Summary

Our Score

10/10

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Unlike Core Duo, which is packaged for Socket 479 (as will the future Merom), Core 2 Duo is packaged for the LGA775 socket which is used by current generation of Pentium 4/D. It was designed from the outlay to be a drop in replacement making upgrading easy. This socket compatibility also meant plenty of motherboards already available on the market at launch date. Below, you can see the Core 2 Duo and Pentium D at the very top which look so similar that I'm not even sure which is which.

At the bottom is Socket 478 on the left with a Pentium 4 and Socket 479 on the right, with a Pentium M. Notice how similar the Pentium M is to the much older Pentium 3 with its capless design.

If you've not dealt with LGA775 before, you'll notice above that the pins have been removed and instead placed on the motherboard itself. These are far more sensitive to being poked than the traditional pins on the back of a CPU, as I recently discovered to my misfortune.

Intel obviously put a lot of work in to reducing memory latency, while AMD took the much simpler (and in my opinion more elegant) approach of just putting the memory controller on the die. If Intel could be accused of anything it would be of over-engineering.

In theory, Core 2 Duo should work in any 945/955/975 chipset motherboard. If this plan had executed smoothly then Intel's over-engineering could be forgiven as for once Intel wanted to make sure we weren't forced to shell out for new kit (shock horror!).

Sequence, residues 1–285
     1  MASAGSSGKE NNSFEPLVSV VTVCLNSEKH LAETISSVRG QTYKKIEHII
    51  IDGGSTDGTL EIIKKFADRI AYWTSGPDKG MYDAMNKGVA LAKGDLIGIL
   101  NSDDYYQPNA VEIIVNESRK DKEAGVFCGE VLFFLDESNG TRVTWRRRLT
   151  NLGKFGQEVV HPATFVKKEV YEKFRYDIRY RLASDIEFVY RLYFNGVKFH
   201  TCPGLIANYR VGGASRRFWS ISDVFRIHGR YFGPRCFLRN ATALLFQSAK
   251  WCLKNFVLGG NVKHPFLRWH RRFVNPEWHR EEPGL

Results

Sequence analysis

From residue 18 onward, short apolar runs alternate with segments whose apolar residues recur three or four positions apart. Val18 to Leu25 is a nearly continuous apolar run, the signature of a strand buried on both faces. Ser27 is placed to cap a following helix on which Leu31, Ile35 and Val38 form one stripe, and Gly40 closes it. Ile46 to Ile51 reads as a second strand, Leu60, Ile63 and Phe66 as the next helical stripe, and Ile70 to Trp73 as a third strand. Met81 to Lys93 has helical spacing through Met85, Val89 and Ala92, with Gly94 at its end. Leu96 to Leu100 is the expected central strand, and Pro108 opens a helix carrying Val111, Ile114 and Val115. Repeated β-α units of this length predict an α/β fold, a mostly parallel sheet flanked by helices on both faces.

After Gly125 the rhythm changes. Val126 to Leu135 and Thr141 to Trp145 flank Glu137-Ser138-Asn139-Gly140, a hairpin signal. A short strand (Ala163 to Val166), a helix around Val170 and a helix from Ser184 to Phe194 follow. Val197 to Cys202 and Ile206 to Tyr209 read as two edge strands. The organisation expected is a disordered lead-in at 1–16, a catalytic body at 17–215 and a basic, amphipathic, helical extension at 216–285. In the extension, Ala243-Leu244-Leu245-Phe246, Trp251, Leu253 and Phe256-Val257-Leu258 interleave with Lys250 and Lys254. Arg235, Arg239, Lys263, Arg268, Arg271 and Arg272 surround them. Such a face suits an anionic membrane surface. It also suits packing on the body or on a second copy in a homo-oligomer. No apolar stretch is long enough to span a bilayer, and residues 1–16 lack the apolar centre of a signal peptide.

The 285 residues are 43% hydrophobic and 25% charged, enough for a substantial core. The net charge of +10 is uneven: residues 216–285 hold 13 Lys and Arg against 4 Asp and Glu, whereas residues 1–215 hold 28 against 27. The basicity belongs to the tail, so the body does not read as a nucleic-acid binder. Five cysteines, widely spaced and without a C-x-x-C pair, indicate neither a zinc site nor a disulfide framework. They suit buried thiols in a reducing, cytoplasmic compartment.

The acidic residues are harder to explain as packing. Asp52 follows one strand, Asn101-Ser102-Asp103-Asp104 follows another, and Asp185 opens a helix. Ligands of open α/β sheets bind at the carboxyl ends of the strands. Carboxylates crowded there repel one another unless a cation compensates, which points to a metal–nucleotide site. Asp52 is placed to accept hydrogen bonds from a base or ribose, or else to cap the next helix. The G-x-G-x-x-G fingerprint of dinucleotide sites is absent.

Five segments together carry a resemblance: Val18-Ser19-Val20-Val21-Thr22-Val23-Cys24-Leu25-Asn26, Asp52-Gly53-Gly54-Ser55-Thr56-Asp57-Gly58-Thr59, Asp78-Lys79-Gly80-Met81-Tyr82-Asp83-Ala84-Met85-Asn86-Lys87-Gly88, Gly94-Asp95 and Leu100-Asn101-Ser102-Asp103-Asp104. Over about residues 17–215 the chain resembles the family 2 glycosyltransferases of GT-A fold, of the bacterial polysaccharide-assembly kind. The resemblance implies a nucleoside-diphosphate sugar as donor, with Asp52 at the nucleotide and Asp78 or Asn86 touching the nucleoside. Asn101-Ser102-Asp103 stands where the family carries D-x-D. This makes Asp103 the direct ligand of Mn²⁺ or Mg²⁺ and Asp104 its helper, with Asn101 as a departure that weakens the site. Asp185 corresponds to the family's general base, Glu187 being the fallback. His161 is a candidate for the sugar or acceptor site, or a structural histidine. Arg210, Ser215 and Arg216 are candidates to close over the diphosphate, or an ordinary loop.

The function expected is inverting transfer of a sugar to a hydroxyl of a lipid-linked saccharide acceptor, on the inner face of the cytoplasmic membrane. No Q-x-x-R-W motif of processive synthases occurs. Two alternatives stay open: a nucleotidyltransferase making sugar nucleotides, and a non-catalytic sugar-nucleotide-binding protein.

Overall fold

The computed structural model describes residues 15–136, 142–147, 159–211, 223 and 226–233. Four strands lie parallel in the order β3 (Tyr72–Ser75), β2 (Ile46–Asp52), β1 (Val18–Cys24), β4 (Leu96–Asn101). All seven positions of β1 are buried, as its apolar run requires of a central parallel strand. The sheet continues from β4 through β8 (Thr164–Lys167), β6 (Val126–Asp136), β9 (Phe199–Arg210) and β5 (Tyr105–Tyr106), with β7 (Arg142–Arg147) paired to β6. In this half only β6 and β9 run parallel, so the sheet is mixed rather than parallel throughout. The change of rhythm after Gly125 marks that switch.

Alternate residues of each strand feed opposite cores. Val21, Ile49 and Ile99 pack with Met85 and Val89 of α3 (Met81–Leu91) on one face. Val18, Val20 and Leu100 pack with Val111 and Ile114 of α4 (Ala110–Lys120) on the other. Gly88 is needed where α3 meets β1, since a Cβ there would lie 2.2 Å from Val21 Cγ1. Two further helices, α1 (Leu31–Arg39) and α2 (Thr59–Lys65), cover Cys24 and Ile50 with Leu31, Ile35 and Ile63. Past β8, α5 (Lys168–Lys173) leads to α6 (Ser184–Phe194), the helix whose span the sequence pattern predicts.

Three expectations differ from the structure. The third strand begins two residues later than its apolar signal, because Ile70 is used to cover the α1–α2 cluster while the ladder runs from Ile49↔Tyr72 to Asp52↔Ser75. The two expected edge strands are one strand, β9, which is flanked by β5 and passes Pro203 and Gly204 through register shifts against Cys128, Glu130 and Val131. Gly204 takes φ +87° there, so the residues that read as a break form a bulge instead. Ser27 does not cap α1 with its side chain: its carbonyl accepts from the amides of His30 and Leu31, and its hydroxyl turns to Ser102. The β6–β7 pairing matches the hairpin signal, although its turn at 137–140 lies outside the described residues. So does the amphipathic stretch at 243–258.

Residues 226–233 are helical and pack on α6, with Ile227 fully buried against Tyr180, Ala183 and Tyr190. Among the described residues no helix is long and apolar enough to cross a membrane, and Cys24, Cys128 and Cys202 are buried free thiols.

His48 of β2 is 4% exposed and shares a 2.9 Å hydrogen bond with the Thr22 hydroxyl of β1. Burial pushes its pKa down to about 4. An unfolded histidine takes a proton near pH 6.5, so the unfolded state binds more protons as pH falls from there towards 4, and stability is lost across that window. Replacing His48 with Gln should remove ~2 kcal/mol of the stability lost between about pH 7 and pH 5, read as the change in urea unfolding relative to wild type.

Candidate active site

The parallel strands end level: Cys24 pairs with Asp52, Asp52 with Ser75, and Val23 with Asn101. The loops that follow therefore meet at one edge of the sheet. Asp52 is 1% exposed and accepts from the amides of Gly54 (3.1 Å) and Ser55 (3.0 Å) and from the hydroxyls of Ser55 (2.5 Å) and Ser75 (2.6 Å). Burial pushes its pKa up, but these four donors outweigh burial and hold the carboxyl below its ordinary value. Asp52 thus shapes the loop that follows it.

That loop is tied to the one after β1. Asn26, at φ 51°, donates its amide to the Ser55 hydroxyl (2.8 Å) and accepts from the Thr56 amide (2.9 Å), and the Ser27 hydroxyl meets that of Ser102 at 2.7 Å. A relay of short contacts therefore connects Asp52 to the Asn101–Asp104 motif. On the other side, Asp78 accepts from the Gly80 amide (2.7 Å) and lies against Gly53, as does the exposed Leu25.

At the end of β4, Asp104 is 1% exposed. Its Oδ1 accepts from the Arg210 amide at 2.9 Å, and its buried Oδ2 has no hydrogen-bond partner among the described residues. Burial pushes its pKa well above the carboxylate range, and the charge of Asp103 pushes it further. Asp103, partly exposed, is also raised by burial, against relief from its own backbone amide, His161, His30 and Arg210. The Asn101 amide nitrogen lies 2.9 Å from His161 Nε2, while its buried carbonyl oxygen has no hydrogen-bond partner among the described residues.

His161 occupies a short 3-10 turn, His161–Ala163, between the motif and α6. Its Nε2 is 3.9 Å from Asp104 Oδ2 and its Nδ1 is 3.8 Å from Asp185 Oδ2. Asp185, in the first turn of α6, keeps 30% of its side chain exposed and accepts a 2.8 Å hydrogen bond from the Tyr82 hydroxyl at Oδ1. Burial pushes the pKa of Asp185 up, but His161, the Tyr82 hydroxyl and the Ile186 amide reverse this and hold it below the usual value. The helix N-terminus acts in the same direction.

Unfortunately, as with many things, it didn't work out quite as well as planned. Many LGA775 motherboards are and never will be compatible with Conroe. Most will need a BIOS update. This sounds simple enough, but if you buy a board from a reseller that doesn't have a recent BIOS on it (perhaps older stock), you'll need a second pre-Conroe processor to be able to update the BIOS. However, the best example of this blunder is the fact that even Intel's own 975 desktop motherboard won't work with Conroe (unless you are prepared to do some rather fiddly soldering) and a new revision had to be issued.

Although Intel's intentions are noble, it is unfortunate to see this happen – for both the consumer as well as Intel. But I am not mentioning this merely to poke fun at Intel's attempt, but rather as a warning to be doubly careful when choosing a motherboard.

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